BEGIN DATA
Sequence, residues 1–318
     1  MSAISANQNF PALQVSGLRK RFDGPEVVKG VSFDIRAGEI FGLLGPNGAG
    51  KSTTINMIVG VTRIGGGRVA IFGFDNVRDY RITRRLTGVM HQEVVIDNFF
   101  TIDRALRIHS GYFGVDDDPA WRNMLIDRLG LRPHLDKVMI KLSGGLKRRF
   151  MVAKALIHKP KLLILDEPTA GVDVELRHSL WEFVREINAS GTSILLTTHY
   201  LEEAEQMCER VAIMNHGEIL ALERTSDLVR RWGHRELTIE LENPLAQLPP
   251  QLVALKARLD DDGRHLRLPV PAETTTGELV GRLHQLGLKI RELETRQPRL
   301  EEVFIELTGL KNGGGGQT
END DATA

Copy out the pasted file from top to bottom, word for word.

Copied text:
Sequence, residues 1–318
     1  MSAISANQNF PALQVSGLRK RFDGPEVVKG VSFDIRAGEI FGLLGPNGAG
    51  KSTTINMIVG VTRIGGGRVA IFGFDNVRDY RITRRLTGVM HQEVVIDNFF
   101  TIDRALRIHS GYFGVDDDPA WRNMLIDRLG LRPHLDKVMI KLSGGLKRRF
   151  MVAKALIHKP KLLILDEPTA GVDVELRHSL WEFVREINAS GTSILLTTHY
   201  LEEAEQMCER VAIMNHGEIL ALERTSDLVR RWGHRELTIE LENPLAQLPP
   251  QLVALKARLD DDGRHLRLPV PAETTTGELV GRLHQLGLKI RELETRQPRL
   301  EEVFIELTGL KNGGGGQT